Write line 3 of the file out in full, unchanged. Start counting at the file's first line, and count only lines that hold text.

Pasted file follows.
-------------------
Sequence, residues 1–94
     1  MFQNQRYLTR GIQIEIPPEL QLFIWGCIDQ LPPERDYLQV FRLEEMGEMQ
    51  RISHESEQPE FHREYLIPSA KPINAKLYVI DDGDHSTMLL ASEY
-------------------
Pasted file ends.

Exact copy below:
    51  RISHESEQPE FHREYLIPSA KPINAKLYVI DDGDHSTMLL ASEY